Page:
Basic Polymorphism

Written by:dimport
Published by:CodeX
Published on:2003-06-21 07:19:46
Topic:C++

The first time i heard the term [i]polymorphism[/i] in the context of programming, i was pretty scared, it sounds daunting, and the way some people describe it, it can be, hopefully i can show you how easy it is.

Polymorphism, means having many forms which describes the programming concept quite well, essentially polymorphism (in its simplest form) allows you to have as many functions as you like of the same name, as long as the inputs are different, it works like this:

 #include <iostream.h>
 int add_stuff(int a, int b)
{
return (a+b);
}
 int add_stuff(int a, int b, int c)
{
return (a+b+c);
}
 int main()
{
cout << add_stuff(2, 3) << endl;
cout << add_stuff(2, 3, 6) << endl;
return 0;
}


As you can see, same name, different inputs, the compiler knows which function to call depending on the inputs passed, everyone's happy. Moving on, well now create a class and overload the constructor, the idea behind the constructor is to define an object, ie,

 #include <iostream.h>
 class rectangle
{
public:
rectangle();
rectangle(int length, int width);
~rectangle()
{
}
int GetLength()
{
return (rectLength);
}
int GetWidth()
{
return (rectWidth);
}
private:
int rectLength;
int rectWidth;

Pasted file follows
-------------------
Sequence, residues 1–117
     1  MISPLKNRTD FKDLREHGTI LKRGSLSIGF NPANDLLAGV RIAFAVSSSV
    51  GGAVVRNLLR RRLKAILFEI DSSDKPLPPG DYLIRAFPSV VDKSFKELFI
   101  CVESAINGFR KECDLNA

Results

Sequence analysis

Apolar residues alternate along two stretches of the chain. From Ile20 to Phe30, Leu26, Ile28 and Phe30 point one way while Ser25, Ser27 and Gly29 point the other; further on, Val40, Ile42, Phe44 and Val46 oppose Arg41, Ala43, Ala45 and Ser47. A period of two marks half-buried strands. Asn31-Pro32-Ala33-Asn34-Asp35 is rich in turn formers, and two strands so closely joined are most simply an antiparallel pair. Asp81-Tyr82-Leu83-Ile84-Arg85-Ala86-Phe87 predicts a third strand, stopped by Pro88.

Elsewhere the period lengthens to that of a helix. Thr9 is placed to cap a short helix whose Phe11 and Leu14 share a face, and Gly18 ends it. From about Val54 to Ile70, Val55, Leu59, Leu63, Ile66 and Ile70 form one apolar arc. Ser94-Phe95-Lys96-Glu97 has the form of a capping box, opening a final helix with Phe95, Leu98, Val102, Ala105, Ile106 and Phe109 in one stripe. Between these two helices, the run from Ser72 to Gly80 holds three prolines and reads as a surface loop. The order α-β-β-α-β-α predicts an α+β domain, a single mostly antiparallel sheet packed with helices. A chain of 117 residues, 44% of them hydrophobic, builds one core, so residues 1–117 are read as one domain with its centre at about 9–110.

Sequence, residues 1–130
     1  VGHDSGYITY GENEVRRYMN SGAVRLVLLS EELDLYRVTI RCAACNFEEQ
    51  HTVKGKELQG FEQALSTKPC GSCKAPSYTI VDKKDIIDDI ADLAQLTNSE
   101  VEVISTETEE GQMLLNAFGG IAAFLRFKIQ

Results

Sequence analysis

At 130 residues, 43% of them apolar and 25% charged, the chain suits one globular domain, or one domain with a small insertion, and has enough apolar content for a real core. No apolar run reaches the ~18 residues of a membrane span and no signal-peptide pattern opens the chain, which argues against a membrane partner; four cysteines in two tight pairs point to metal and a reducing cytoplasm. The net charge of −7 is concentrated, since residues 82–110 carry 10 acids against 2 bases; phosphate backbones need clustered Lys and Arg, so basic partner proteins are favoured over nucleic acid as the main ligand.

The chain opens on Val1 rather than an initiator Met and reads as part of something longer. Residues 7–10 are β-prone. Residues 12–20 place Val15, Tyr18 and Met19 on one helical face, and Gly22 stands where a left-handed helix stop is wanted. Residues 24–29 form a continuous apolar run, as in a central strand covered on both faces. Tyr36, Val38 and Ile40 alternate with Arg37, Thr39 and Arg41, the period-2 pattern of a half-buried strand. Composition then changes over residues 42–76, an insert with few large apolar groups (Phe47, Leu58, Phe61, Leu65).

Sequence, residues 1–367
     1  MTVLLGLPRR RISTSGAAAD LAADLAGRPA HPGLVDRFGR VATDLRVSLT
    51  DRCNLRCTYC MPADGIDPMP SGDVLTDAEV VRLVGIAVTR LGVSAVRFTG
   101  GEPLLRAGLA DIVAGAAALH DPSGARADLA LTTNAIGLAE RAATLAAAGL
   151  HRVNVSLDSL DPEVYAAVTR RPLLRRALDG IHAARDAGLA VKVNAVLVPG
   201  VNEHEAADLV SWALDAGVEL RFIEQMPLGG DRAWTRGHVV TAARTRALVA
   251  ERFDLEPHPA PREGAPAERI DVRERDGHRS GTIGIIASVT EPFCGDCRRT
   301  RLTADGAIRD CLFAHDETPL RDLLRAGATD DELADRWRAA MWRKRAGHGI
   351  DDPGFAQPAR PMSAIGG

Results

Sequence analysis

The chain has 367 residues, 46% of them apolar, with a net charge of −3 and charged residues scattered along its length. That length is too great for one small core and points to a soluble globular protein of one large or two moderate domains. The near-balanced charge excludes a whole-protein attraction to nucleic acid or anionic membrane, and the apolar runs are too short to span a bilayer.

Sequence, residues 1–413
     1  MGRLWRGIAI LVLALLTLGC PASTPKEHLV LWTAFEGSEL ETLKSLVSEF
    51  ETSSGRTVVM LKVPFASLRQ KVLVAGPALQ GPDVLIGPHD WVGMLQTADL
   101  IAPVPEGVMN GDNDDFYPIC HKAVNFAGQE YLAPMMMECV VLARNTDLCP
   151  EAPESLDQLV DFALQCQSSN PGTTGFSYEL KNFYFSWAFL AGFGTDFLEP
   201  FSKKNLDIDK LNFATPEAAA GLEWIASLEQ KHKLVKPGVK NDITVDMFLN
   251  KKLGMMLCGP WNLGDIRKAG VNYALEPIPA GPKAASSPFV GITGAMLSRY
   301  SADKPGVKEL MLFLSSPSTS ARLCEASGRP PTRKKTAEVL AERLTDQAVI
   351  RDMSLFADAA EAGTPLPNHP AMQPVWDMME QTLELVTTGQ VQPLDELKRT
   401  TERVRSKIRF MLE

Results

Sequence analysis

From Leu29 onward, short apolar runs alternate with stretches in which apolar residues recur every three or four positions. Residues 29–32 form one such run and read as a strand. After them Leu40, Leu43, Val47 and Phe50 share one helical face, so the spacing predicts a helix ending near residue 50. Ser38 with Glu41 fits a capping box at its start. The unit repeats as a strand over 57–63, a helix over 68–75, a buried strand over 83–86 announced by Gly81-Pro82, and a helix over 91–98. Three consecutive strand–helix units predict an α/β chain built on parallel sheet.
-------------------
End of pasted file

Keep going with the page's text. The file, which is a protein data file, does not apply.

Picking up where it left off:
};
 rectangle::rectangle()
{
rectLength = 0;
rectWidth = 0;
}
 rectangle::rectangle(int length, int width)
{
rectLength = length;
rectWidth = width;
}
 int main()
{
rectangle aRect;
cout << aRect.GetLength() << endl;
cout << aRect.GetWidth() << endl;
 int aRectWidth = 10, aRectLength= 12;
 rectangle anotherRect(aRectWidth, aRectLength);
cout << anotherRect.GetLength() << endl;
cout << anotherRect.GetWidth() << endl;
 return 0;
}


ok, its not functional in any way, but you can see the effect, the right constructor is called depending on inputs, short of going into virtual functions and the ilk, which ill probably do at a later date, this as far as you can go with polymorphism.

This article was originally written by Pigsbig78

This is an article from http://www.osix.net - view the original at: http://www.osix.net/modules/article/?id=247